Anglican services began in a cart shed which belonged to Mr Fitzgibbon. A reserve of 1 acres was set aside for Church of England purposes in 1859 and the first church building erected at that time. Mr Rodda performed the duties at that time. The Church of England building was used by other denominations until they had buildings of their own.


In an 1871 survey, Anglican parisheners in the Shire numbered 481. The first Anglican service at Little River was held in August 1857 and Rev Frederick Strickland was appointed to the Parish of Station Peak (Little River and Werribee) in 1864.


In 1886 the district was divided and Rev H. Kelly came to Lara whilst Rev Alfred Caffin continued in what was now the Reader's District of Wyndham, until the Stipendary Reader F.W. Ellis arrived from Omeo in 1887. In 1891, the then reader, Henry F. Miller was ordained and became Curate in charge of the new Parochial District of Werribee.


The foundation stone of the new red brick church was laid by John Percy Chirnside, M.P. on 24 October 1900. After his death, his widow Ethel, presented a two panelled window to the church in his memory and one in memory of their daughter Molly (Ethel Charlton). Other stained glass windows in the church honour early pioneers of the district.


The Rev. Andrew Hanna was inducted to the pastoral charge of the Presbyterian congregations of Wyndham, Little River and Duck Ponds (Lara) in 1866. Werribee services were held on Sunday afternoons in the Church of England building. Mr Hanna held the charge for only a short time for soon afterwards he resigned from the ministry.


About this time the first manse was built a mile out of town. Rev J. Lambie was inducted in March 1868 accepting a call signed by 20 members. He remained until 1881. In 1871 a survey showed that there were 185 adherents of the Presbyterian Church in Werribee.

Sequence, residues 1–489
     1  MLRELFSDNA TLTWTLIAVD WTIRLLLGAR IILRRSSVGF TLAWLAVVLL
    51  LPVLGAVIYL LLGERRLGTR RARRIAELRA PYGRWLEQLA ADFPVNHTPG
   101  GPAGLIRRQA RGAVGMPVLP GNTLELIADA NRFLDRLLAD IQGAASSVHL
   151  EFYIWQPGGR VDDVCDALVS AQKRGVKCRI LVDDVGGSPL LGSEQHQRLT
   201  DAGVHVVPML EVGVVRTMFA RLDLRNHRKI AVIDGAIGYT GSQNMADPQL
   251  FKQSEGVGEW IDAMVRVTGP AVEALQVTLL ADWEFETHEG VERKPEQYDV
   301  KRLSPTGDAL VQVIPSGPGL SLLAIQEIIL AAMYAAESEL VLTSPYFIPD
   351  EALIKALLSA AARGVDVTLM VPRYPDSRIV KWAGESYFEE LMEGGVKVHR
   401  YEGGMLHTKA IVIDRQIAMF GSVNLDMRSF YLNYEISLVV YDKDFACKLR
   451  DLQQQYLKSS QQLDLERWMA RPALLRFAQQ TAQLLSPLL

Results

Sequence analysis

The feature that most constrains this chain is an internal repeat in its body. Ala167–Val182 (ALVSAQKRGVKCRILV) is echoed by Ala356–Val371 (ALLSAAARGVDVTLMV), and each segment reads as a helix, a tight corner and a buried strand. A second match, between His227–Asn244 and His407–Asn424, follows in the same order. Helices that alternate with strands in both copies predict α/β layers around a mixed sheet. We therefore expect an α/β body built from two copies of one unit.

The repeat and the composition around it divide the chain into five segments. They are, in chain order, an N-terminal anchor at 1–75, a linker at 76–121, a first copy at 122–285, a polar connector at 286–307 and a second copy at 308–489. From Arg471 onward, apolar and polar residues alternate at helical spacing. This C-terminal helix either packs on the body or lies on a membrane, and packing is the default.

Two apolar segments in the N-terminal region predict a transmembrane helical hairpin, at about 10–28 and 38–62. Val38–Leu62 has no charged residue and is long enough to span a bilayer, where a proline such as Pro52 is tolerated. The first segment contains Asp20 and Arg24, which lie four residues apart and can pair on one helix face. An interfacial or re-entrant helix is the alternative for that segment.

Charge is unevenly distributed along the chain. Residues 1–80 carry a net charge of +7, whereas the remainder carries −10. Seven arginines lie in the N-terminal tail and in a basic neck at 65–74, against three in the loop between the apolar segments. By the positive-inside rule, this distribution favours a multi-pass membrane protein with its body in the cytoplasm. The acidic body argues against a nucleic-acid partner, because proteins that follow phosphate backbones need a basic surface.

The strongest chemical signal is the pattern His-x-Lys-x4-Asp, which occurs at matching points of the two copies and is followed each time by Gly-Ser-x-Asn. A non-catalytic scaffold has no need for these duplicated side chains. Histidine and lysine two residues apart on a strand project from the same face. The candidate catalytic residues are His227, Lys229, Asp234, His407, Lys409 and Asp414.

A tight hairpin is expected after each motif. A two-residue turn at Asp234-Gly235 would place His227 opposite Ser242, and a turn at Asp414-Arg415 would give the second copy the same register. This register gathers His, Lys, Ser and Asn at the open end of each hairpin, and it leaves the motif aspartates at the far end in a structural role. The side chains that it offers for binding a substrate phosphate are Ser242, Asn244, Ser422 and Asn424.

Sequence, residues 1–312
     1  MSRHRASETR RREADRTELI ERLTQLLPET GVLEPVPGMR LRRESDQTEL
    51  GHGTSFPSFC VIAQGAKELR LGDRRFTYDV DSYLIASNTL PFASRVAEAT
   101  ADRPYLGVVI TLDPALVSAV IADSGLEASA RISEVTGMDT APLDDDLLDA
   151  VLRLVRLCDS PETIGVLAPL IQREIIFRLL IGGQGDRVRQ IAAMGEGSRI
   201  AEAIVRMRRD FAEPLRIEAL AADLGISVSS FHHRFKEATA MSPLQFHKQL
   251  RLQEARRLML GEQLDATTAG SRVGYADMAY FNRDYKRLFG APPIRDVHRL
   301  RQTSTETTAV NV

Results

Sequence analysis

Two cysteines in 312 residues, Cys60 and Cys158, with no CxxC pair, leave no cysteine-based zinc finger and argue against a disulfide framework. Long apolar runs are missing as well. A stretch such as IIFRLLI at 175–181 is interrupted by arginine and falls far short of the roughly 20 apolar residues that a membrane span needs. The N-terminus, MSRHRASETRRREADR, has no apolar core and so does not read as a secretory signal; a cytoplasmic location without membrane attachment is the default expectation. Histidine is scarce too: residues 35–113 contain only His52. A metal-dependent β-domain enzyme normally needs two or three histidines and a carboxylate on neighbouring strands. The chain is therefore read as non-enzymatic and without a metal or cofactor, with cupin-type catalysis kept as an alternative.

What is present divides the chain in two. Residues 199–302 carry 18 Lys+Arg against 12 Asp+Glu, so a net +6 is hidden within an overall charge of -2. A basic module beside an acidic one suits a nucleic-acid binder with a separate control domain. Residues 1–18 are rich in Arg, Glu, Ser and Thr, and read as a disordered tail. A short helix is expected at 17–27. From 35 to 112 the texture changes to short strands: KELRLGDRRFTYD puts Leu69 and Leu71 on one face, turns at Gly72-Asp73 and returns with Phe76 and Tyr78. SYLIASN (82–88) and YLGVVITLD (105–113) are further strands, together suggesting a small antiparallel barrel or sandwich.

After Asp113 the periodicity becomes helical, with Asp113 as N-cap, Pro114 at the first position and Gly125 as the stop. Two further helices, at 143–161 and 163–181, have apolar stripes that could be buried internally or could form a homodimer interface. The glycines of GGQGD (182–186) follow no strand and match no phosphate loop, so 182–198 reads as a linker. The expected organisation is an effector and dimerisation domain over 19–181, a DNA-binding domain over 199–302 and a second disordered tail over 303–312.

In 1883 the Rev William White was invited from Scotland mainly through the interest of Thomas Chirnside. Chirnside laid the foundation stone of the bluestone church in Werribee in February 1884 and paid for the erection of the church and manse, both of which were built on his land. In the same year the foundation stone for the Little River Church was laid by Mrs White, wife of the Werribee minister. Land for this church was donated by Paul Cameron who also gave money and building materials for the erection of the church. The original bluestone building still stands.


The land on which the Werribee church was built was subdivided and made over to the Trustees of the Church in 1902. The church had stained glass windows presented by the Chirnsides and a carved oak pew which had been raised and enlarged to hold the choir.


In 1895 Rev John McIntosh, Minister of the Werribee church began holding services fortnightly at the Truganina Baptist Church. In 1907 he bought the Baptist Church building for use by the Presbyterian Church.


The first Methodist/Wesleyan services in the area were conducted by Sam Hayes, school teacher at Truganina. In the late 1850's a bluestone Methodist Church was built on the bank of Skeleton Creek, Truganina. A wedding was held there in 1861. For a few years, the building was used as a school, until a school was built in 1869. The building was later sold and the stone used to build the Robinson house in Truganina.


A Methodist Church existed in Mount Cottrell as early as 1866.


In Werribee, township land was reserved for a primitive Methodist Church in 1869 and trustees were appointed in 1872. Figures for Church adherents in 1871 show 83 Methodists in the Shire. The first records of congregation in Werribee date from 1895 when Rev H.M. Jennison began services in the old Shire Hall. The congregation gradually diminished and boys from Wesley College came to conduct meetings in the streets and in the Old Shire Hall. As a result of this, the Rev A. Doran was appointed to the circuit with a congregation of 13. A wooden church was built in 1899 and 280 people attended the first service in a building designed to seat 200.